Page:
The Huntington Playwriting Fellows (HPF) program creates relationships between a local community of writers and a nationally prominent producing theatre, forges those bonds through authentic conversation and artistic collaboration, and encourages dialogue between local artists. Since 2003, the HPF program has invited writers to participate in two-year residencies, during which playwrights receive a modest honorarium, join in a biweekly writers’ collective with artistic staff, attend Huntington productions and events, and are eligible for readings and support through the Breaking Ground reading series. The primary focus of the program is creating relationships with writers at all stages of their careers, from emerging talent to established professionals. The program provides a framework for an in-depth, two-year artistic conversation and a long-term professional relationship. Recently, the Huntington began convening Fellows, past and present, at an annual meeting to solicit ideas on how to improve and expand the program, and the Summer Workshop launched in July 2012. Huntington productions of plays by Fellows include The Luck of the Irish by Kirsten Greenidge, Stick Fly by Lydia R. Diamond, The Atheist and Brendan by Ronan Noone, and Psyched and the upcoming “M” by Ryan Landry.[9]

Breaking Ground[edit]

Breaking Ground is the Huntington Theatre Company's reading series, a vital part of our new play development program. This series brings attention to the work of local playwrights and presents national writers into partnership with the Huntington. Over the last seven years, Breaking Ground plays have gone on to appear at the Huntington as well as theatres in Boston, across the country, and internationally.[10]


Since its opening in 1982, the Huntington Theatre Company has been nominated for over 240 awards. The Huntington has won 3 Drama Desk Awards, 39 Elliot Norton Awards, 41 IRNE Awards, and 3 Tony Awards. The Huntington Theatre Company received the 2013 Tony Award for Best Regional Theatre.[11]


One of the most extensive and admired programs in the country, the Huntington’s Education Department serves more than 10,000 students, teachers, and community organizations each year with student matinees, state-wide Poetry Out Loud and the August Wilson Monologue Competition. Our collaborators include Boston Public Schools, Codman Academy Charter Public School, Children’s Services of Roxbury, the Massachusetts Cultural Council, and many community organizations. The Huntington Theatre Company has received awards from the National Endowment for the Arts, the President’s Council on the Arts and Humanities, Massachusetts House of Representatives and Senate, and City of Boston’s City Council. In 2009, Codman Academy was awarded the Commonwealth Award for our collaboration.[12]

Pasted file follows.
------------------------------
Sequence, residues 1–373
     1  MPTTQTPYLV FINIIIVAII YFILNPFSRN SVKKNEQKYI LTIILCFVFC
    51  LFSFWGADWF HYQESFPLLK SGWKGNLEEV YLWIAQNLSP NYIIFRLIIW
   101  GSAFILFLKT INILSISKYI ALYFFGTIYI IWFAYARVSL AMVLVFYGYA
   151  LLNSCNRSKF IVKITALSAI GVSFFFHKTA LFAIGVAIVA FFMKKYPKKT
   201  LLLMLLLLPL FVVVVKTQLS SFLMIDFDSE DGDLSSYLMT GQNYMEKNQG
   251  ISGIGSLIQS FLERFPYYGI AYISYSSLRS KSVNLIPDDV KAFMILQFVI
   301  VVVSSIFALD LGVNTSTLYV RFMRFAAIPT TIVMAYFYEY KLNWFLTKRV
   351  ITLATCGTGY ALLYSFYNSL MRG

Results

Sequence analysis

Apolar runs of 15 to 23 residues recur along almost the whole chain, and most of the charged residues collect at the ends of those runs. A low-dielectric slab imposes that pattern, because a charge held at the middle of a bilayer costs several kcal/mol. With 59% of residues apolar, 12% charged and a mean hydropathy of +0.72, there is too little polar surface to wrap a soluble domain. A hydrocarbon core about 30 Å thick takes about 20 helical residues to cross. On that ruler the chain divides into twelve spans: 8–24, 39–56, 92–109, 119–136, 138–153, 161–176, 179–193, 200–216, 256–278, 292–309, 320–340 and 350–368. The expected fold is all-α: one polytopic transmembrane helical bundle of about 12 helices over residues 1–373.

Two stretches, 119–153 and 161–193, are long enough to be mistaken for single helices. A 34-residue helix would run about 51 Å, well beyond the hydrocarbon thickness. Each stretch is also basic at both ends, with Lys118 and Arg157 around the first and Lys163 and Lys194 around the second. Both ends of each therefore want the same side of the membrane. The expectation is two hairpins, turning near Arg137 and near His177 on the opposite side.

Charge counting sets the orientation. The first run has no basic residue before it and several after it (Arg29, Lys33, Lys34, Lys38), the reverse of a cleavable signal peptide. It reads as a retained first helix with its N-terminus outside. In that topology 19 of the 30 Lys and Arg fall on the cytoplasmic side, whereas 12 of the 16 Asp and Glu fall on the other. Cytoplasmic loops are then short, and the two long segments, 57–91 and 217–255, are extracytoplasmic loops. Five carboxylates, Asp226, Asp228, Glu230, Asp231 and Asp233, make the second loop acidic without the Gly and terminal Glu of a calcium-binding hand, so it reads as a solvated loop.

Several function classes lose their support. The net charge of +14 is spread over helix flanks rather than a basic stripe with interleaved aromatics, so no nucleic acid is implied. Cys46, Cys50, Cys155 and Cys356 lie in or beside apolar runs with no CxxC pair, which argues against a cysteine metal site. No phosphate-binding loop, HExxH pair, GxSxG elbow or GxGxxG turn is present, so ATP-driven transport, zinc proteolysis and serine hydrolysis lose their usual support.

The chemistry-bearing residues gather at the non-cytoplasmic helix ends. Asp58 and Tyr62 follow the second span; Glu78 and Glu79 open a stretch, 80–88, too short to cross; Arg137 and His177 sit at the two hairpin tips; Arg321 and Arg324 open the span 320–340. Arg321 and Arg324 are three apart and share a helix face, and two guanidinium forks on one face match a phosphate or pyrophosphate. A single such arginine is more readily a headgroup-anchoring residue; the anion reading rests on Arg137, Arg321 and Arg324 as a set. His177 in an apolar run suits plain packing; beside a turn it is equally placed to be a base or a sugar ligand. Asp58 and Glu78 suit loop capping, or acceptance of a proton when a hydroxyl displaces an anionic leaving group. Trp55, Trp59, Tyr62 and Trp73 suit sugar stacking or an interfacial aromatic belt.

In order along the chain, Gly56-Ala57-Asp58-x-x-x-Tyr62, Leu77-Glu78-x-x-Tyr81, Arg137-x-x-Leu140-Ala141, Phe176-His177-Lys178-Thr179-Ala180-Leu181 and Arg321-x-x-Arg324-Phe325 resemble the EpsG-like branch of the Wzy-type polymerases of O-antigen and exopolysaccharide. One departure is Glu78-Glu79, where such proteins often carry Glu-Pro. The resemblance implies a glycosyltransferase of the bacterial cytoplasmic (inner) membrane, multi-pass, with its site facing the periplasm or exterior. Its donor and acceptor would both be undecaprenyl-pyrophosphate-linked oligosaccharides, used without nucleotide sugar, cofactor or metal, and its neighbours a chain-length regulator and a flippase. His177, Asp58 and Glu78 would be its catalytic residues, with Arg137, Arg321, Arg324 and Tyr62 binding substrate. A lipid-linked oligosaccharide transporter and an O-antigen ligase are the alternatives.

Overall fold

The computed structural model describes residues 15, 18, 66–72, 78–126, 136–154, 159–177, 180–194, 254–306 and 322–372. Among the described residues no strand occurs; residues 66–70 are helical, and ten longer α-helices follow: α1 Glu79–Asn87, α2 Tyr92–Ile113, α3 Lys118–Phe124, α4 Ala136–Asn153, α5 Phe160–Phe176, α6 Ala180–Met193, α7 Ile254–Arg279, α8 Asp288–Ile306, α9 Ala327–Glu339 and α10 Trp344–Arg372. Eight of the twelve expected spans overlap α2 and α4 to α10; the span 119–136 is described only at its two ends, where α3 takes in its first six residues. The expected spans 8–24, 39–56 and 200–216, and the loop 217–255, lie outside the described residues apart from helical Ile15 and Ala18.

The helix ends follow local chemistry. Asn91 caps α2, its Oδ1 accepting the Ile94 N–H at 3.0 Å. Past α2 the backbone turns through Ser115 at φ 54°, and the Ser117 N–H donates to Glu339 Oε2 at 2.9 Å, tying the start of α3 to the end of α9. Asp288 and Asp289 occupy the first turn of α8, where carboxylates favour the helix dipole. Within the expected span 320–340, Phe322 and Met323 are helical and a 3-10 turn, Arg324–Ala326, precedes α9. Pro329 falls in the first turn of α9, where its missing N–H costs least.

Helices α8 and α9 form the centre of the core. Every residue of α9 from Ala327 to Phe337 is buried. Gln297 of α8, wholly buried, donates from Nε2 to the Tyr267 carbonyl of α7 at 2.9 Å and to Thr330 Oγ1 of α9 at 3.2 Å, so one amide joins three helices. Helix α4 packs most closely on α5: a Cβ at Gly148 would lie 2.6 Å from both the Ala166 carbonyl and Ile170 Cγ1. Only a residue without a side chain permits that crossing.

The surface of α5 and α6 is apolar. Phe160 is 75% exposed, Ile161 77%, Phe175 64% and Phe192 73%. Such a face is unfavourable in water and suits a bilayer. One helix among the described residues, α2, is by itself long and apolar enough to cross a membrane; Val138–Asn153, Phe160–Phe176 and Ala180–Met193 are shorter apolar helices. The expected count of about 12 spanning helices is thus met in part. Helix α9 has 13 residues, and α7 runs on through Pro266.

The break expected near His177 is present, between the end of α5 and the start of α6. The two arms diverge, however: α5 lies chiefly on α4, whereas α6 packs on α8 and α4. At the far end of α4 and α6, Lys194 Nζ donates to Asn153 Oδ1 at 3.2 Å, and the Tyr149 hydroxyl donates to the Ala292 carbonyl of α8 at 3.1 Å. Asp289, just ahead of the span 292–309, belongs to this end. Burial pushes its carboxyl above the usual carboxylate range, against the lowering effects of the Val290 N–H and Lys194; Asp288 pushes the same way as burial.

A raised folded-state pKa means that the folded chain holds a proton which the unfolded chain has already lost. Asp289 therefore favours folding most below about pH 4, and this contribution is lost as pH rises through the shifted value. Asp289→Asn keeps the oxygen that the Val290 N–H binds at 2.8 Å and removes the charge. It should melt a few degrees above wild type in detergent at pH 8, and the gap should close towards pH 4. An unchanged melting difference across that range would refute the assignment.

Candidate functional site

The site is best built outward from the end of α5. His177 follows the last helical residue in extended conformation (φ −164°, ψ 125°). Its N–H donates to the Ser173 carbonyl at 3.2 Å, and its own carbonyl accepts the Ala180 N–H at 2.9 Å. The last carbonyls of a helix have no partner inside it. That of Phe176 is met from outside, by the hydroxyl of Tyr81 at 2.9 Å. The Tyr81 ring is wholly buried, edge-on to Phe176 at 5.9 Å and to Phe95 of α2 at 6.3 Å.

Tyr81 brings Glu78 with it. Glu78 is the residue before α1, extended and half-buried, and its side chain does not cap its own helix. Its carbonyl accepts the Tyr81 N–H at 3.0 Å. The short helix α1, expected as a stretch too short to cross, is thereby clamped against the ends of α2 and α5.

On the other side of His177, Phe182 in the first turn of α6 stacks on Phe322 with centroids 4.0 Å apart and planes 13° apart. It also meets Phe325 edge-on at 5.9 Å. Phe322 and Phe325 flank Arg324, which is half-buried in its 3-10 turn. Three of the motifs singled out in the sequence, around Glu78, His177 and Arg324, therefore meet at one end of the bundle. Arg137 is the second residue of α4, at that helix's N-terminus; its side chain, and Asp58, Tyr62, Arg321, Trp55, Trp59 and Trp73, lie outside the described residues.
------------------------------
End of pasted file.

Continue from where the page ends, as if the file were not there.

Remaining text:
Know the Law[edit]

Know the Law! was developed by the Huntington Theatre Company in 1997 to use peer performance to teach at-risk youth about Massachusetts law as a means of reducing youth crime and violence. Today Know the Law! is produced in collaboration with Youth and Police in Partnership (YPP), a community-based program of Children's Services of Roxbury that seeks to improve relationships between young people and the police. YPP Peer Leaders, ages 14–17 from some of Boston’s most challenged inner city neighborhoods, form our Know the Law! troupe, studying acting techniques and rehearsing an original production, written by Naheem Garcia and Amanda Pyne, that dramatizes true-to-life choices that young people face relating to weapon and drug possession, fighting, self-defense, and interacting with the police. Know the Law! tours to schools, community centers, and other public venues, and is followed by a post-show discussion between the peer leaders and the audiences that builds upon the issues raised in the play.[13]


External links[edit]